South Korea's ruling party on Saturday demanded again that National Assembly Speaker Chung Sye-kyun offer a public apology for his remarks on the planned deployment of a U.S. missile defense system here.
The Saenuri Party claimed he breached the obligation of maintaining political neutrality as the leader of the parliament.
Delivering a speech Thursday to open the regular parliamentary session, Chung criticized the government's decision to allow the U.S. military to position the Terminal High Altitude Area Defense system on the peninsula.
Chung, a six-term lawmaker, is from the main opposition Minjoo Party of Korea which is staunchly opposed to a THAAD battery in South Korea.
In protest, the ruling party, officially supportive of the deployment plan, announced a boycott of all National Assembly sessions.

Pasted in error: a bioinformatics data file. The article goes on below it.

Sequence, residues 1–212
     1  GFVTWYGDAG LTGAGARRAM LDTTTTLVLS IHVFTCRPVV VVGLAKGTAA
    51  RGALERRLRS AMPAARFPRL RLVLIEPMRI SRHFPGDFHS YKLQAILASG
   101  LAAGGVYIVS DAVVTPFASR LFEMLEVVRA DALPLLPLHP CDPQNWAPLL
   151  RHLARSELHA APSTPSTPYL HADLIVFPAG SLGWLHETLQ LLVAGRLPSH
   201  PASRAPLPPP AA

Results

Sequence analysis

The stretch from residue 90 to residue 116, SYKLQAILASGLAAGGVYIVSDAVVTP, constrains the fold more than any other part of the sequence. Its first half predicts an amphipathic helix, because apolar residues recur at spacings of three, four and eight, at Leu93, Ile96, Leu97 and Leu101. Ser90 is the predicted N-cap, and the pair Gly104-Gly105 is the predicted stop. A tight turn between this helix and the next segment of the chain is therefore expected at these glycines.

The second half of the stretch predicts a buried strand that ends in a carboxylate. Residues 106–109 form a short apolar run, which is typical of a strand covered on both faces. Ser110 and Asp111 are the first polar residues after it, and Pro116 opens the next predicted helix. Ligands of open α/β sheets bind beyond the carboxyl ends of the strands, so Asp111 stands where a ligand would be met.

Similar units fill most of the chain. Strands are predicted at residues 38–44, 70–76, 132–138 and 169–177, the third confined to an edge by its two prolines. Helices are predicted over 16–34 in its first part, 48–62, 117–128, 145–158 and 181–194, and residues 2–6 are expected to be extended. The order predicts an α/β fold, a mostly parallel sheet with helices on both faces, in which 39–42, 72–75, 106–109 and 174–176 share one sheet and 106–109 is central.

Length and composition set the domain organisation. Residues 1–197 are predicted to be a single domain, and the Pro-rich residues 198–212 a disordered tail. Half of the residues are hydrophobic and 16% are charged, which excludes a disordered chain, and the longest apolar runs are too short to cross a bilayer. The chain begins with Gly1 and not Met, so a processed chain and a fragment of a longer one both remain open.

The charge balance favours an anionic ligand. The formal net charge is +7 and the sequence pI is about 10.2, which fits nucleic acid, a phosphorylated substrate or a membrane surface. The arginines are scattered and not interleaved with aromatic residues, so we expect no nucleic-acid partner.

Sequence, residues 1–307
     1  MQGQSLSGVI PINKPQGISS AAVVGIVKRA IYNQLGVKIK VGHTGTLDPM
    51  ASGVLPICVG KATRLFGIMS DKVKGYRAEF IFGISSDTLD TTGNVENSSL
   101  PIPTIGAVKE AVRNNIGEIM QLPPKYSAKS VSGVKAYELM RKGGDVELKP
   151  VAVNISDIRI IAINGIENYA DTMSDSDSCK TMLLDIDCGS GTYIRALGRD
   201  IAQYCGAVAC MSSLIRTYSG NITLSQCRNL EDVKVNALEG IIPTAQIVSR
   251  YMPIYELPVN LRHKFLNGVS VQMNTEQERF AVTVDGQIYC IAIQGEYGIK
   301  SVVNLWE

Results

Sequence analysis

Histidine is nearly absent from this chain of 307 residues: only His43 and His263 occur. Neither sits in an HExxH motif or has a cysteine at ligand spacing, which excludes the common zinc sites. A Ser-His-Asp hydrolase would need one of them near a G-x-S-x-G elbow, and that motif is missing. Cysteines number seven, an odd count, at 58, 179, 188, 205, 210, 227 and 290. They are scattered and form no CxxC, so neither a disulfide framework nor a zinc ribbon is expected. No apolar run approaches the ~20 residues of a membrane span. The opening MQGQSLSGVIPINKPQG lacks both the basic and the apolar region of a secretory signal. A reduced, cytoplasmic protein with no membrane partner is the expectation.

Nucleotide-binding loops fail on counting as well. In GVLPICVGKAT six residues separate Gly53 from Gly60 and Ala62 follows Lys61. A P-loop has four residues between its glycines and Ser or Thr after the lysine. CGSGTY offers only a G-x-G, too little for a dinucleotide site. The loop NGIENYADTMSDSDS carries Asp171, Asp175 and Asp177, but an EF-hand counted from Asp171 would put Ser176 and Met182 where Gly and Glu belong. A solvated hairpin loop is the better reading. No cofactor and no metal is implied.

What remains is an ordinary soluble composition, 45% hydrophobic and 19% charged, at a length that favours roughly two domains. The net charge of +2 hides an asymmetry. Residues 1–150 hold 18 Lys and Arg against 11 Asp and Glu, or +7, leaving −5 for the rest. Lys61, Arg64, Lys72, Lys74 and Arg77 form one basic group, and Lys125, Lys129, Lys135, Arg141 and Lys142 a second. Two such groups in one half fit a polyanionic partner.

The parties, nonetheless, managed to hold a regular meeting late Friday to pass the extra budget bill, with vice speaker Park Joo-sun of the minor People’s Party chairing it on behalf of Chung.
"We are glad that the extra budget plan was finally passed," Saenuri said in a statement.
The ruling party argued that Chung should be held responsible for the delay in passing the budget bill, as he failed to maintain political neutrality. He was also negligent in mediating between the different opinions of the parties, it added.
"The extra budget plan passed on Friday's session was merely a start for the functioning parliament," Saenuri spokesman Min Kyung-wook said, adding Chung must make a sincere apology to theruling party.
Chung earlier said he "wishes to express an apology to the people," but declined to make any related direct statement for Saenuri. (Yonhap)